Have You Ever Tested Your Estate Plan?

You are a smart person who has been around financially. Your success led you to realize that you would have financial assets left at death and you have created your estate plan.

You probably have a will, maybe a trust or two, possibly a family business or company or partnership and you have tended to details such as assigning powers of attorney and healthcare wishes.

But have you ever tested that estate plan?

No, I don’t mean die and watch what happens from the hereafter! Have you ever gathered all the pertinent information and walked through what you think will actually happen in various death scenarios at your house? What happens if you die and leave behind minor kids and spouse? What if your spouse dies first? What if you die and your spouse is depending on you for healthcare? What if you die together?

Have you ever reviewed your plan, in combination with your assets and your life situation, with your estate planning lawyer and your accountant? Have you ever walked through your wishes in detail with your executor or successor trustee?

Take a look at our latest article on the home page called (surprisingly enough) Test Your Estate Plan.

My answer to those questions is mainly no, however, yesterday I did do a self review of what I thought would happen to our assets in three scenarios: I die this year and my spouse lives (we no longer have dependents). He dies and I live. We both die at the same time.

How long does a self review take?

I spent about an hour on the task, after checking my premises with my spouse for 5 minutes.

How do you do a self review of your estate plan?

If you clicked over to read Test Your Estate Plan, you noticed that the tasks on it were pretty thorough and involved time spent with paid advisers.

My self-review was more limited that that. All I did was create a one page spreadsheet with each of the 3 scenarios.

In the scenario for if I died this year and my spouse lived on, I listed out all of the values of the assets that would be available to him free and clear without restriction.

These included things such as our joint assets, assets in his living trust, his IRAs and my IRAs (since he can assume them as his own and do whatever he wants to with them).

I also listed out the values of the assets that would be available to him, but with restrictions. These included things such as a joint llc we have, the assets in my living trust – which due to the $5 million estate tax exclusion limit this year would all roll into the irrevocable trust to be held for my children, and some other assets that would have to go through probate but that he would get in the end.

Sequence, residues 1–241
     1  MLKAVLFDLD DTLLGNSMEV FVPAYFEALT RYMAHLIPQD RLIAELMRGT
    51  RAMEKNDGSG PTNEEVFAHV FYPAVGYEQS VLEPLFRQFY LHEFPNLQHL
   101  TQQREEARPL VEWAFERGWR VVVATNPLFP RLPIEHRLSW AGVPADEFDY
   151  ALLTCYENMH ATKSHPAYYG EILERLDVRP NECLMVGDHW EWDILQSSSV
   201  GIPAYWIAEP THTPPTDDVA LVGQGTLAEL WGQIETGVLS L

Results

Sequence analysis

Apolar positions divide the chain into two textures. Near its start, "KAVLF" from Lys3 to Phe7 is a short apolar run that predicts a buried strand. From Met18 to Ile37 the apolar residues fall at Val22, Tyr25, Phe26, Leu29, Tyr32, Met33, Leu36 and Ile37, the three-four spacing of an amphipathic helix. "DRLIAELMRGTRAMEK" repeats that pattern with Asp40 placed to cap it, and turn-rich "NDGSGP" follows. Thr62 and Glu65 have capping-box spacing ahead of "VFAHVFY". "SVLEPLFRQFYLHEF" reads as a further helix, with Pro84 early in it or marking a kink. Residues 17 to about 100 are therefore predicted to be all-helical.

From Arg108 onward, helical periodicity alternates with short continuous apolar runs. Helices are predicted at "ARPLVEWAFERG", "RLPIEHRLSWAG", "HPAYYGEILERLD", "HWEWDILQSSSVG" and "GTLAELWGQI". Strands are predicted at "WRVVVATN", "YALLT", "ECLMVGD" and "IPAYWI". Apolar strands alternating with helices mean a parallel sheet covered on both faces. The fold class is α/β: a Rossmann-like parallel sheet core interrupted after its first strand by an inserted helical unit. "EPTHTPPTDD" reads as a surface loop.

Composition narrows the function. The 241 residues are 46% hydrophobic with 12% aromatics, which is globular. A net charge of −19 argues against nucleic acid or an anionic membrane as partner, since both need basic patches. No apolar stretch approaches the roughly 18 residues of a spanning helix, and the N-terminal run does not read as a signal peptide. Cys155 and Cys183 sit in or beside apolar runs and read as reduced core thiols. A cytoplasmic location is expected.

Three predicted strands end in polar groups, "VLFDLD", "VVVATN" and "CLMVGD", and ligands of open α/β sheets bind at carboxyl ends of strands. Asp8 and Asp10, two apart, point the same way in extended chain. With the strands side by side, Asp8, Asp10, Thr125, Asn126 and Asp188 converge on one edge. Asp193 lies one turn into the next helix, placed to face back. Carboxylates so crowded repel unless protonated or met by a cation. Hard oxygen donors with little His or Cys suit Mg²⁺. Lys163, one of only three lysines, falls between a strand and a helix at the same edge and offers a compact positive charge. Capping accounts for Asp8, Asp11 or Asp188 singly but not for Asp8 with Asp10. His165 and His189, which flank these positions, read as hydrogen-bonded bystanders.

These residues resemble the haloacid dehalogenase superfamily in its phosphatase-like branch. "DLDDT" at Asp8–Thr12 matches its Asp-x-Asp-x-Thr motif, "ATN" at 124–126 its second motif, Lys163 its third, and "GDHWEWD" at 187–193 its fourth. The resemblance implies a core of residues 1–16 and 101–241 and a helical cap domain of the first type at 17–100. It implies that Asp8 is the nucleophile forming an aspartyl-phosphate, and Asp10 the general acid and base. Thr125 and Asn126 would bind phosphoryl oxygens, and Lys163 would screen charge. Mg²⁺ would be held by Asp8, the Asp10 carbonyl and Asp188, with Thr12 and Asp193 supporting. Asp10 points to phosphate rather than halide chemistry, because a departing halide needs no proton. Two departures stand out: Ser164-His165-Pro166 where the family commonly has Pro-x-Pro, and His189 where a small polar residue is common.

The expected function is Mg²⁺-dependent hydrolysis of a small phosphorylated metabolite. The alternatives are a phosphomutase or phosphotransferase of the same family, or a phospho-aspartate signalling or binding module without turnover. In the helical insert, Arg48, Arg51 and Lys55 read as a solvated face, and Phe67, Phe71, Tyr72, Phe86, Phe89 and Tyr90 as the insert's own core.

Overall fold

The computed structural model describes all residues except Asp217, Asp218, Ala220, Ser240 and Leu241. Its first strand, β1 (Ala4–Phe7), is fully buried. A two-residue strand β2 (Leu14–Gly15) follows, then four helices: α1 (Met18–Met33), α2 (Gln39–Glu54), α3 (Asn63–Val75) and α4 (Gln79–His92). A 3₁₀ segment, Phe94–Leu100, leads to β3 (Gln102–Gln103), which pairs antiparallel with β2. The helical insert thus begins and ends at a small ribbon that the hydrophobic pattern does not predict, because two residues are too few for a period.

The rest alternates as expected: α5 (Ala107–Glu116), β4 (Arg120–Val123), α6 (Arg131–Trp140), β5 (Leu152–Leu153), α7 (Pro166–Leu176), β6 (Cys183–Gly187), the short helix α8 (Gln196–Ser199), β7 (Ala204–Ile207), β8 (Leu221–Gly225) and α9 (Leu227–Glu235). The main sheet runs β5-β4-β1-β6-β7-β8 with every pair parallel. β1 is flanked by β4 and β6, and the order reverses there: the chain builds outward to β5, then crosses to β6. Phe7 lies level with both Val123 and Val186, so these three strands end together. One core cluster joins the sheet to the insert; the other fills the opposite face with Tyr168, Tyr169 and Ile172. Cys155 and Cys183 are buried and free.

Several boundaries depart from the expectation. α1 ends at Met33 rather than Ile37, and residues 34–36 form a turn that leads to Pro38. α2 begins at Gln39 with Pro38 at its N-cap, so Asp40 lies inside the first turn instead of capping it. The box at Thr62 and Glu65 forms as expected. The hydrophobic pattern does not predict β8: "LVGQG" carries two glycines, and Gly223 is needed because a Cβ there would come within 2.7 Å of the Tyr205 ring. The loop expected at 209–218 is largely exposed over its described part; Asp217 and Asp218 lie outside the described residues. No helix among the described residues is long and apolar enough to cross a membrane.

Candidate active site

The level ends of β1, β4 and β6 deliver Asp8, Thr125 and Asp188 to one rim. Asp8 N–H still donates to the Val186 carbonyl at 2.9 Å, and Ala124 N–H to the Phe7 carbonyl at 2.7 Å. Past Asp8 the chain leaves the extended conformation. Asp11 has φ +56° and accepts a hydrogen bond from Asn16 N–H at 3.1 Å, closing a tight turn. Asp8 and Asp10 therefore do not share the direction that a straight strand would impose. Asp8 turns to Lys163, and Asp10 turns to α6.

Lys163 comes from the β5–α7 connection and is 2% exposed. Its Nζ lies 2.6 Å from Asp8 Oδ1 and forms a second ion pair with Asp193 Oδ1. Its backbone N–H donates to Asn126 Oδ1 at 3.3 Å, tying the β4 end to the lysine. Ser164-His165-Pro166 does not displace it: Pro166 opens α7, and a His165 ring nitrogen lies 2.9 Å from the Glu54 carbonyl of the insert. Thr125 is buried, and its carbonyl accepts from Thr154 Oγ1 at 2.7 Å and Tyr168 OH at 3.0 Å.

Then I listed out any assets he would not have available to him at all (a Roth IRA intended for the grandkids).

After that I listed out the income he would have available.

I did the same thing for the second scenario, the one in which I die and he lives – with the same categories as above.

For the third scenario, I took the approach of separating the values of assets that:

  • Would be distributed immediately to specific beneficiaries because we named beneficiaries on the asset itself.
  • Would go through probate because we have screwed up and not done what we need to do to allow our executor to avoid it.
  • Would be distributed through our after death trusts (we are each set up with a revokable living trust that becomes two irrevocable trusts upon our death – one to hold the estate/gift tax exclusion amount in effect the year we die and the other to hold all else and go to our spouse in a marital trust

Results and action items based on my estate plan self-review.

I’ve had nagging thoughts in the back of my head that we weren’t set up just right between our estate plans and our asset titles and I was correct.

Here are some of the things we need to do to get it the way it needs to be:

  • Figure out what to do with joint assets if we die together, in order to avoid probate on them.

We like the ease of passing the assets to each other if one dies and the other lives, and we like not having the hassle of having them in a trust. The joint assets are things like our house, cars and a bank account we use for periodic bills.

  • Re-write the operating agreements for our two llcs so that we can avoid having them go through probate if we die together or even if I die first (one is a single member llc – me!).
  • Even out the value of assets in our respective living trusts. We currently have more assets in one than the other, which means that one of us will be more restricted in the ways we can spend that money when it goes into the irrevocable trust at our death.
  • Walk through the plan and our assets with our lawyer/accountant next year (after estate taxes are more firmed up for the future) to make needed revisions to our will/trust documents.
  • Walk through the plan and assets with our son (successor trustee and executor of our estate).

Have you checked your estate plan in the past 5 years to see if it will (still) do what you intend it to do? What did you find?

You may also like...